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The wind-solar-storage plant that brings powerful self-sufficiency to Agnew - EcoGeneration

Tuesday, 26 May 2020

It takes guts to make an investment decision when your primary revenue source is a volatile commodity mostly used to make jewellery. But gold mines often operate very far from convenient and cheap sources of electricity, so locking in your energy costs is a nice way to buy some certainty.

The best sources of energy are clean ones, of course, which is why global miner Gold Fields set sustainable energy company EDL the task of designing and building a power plant to enable its Agnew Gold Mine in Western Australia to become totally self-sufficient.

A primary requirement in the brief was for "reliable" energy, says EDL chief executive James Harman, which is something of a luxury when you're about 600km northeast of Perth and paying for a connection to mega-miner BHP's electricity generation capacity. "They were being shut off at times that weren't convenient," Harman tells EcoGeneration. "They wanted a reliable power supply."

The 12MW provided by the BHP transmission line was also not enough to cope with the Agnew mine's growing energy needs, which had resulted in 6MW of onsite diesel generators being installed. 

A microgrid that prioritized clean energy would also take Gold Fields one step closer to its target of becoming a sustainable mining company.

Wind was the key

The EDL plant is the first hybrid project to power a mine site anywhere in the world, Harman says, but mines aren't always placed optimally for clean energy resources and so a lot depended on the data collection. "We had a view it was a particularly windy area but we wanted the data to support that," he says.

"Wind was the key. We knew solar intensity in that area would be good but we had to be satisfied the wind would be reliable, and it has been – it's been operating at about a 70% renewable penetration. That's well above what Gold Fields expected."

The plant includes five Goldwind turbines – that's 18MW of wind – which were trucked 600km from Geraldton, an eight-day trip for 15 trucks carrying the 70m blades, sections of the 110m towers and all other componentry. The 4MW, 10,700-panel solar system includes some bifacial modules and a 13MW/4MWh Saft battery smooths generation and provides reserve. The battery has already been called upon during unplanned system events.

The configuration of generation assets was determined by successive rounds of technical modelling in conjunction with competitive tendering to deliver the lowest levelised cost of electricity.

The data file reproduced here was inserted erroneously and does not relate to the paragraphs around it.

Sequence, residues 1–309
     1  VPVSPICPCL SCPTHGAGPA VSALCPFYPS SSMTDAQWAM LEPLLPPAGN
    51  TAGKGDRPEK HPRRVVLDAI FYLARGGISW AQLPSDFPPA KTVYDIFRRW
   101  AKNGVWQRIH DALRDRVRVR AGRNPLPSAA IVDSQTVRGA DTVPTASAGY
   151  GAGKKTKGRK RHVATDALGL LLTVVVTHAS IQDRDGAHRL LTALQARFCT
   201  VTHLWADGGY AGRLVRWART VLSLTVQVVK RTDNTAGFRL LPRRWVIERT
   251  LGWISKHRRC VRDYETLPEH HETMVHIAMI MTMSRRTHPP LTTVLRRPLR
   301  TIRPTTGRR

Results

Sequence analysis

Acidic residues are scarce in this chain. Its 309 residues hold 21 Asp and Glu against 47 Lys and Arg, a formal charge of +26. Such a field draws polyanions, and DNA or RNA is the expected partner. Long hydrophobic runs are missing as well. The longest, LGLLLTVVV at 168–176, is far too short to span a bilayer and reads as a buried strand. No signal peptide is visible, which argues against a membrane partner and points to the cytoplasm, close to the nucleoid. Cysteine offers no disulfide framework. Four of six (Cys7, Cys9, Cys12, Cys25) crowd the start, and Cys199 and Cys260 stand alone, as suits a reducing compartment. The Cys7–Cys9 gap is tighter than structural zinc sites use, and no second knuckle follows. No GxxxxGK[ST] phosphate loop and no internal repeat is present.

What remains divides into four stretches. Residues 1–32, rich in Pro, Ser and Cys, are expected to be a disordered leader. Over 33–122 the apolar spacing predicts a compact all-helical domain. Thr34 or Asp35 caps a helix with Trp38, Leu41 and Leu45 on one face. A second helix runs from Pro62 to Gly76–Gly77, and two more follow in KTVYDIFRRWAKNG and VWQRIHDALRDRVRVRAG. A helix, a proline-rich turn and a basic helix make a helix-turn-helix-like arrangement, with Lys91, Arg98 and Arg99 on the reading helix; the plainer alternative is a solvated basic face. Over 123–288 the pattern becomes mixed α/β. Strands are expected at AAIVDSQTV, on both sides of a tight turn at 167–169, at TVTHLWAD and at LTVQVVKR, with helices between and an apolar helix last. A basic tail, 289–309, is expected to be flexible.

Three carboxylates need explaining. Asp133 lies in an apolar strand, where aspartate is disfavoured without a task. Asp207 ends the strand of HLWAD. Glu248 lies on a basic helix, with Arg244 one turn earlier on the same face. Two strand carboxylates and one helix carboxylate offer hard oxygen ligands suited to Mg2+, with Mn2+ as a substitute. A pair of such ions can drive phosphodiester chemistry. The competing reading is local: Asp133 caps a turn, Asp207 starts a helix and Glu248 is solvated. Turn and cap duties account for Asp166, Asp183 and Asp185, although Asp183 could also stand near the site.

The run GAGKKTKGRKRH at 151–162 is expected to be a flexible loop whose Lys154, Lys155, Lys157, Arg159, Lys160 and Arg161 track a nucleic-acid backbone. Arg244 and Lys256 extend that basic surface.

The Agnew microgrid is run by an onsite EDL team and remotely from its Perth or Brisbane offices.

The remaining energy needs are met with an 18MW gas plant – enough to supply the mine if wind and solar are not generating – and 3MW of backup diesel.

EDL had form in remote locations, having delivered the Coober Pedy 9.3MW wind-solar-battery-diesel hybrid system in 2017, which sees the local grid run about 70% renewables with a record 94 hours uninterrupted of 100% renewables.

Central control

The data collected at the Agnew site showed the wind generally blew at night, making a wind farm an ideal complement for solar. "That's the combination you need to get these high penetrations of renewables," Harman says. "But you've got to have the smarts to combine them in a way that doesn't disrupt the load."

Demand at the site varies between 8MW and 17MW and is dominated by a process plant, including mills and a crusher, and underground ventilation. "They can turn a piece of kit on and the load can double in a matter of seconds," Harman says. "The way the battery and integrated technology works keeps the reliable power generating instantaneously – you can't have the power cut to the essential mining operations."

The mine runs its operations how it likes, regardless of the sun or wind, which leaves EDL to control output so that clean energy makes up as much of the load as possible. "We're following the mine's demand," says Harman, before explaining that EDL is interested in working on solutions for mines where output from an energy system can be timed to production. "In mines that might otherwise be uneconomic customers are looking at running large bits of kit at times when renewables are high," he says. "That sort of thinking is starting to come through in some of the other miners we are talking to."

Harman won't comment on payback or Gold Fields' expected return for the $112 million project – which included the cost of a gas pipeline and is underpinned by a 10-year power purchase agreement – other than to say "it's utility-type returns." EDL has a portfolio of 99 energy projects across five countries and "you have to be confident around how the system is going to operate because of the performance guarantees – we're guaranteeing it's going to be 99.9% reliable." The Australian Renewable Energy Agency provided $13.5 million in funding for the project under its Advancing Renewables Program.

Over the long term EDL expects the power station will provide the mine with more than 50% renewable energy.

"It's the future for energy supply in a place like Australia," he says.

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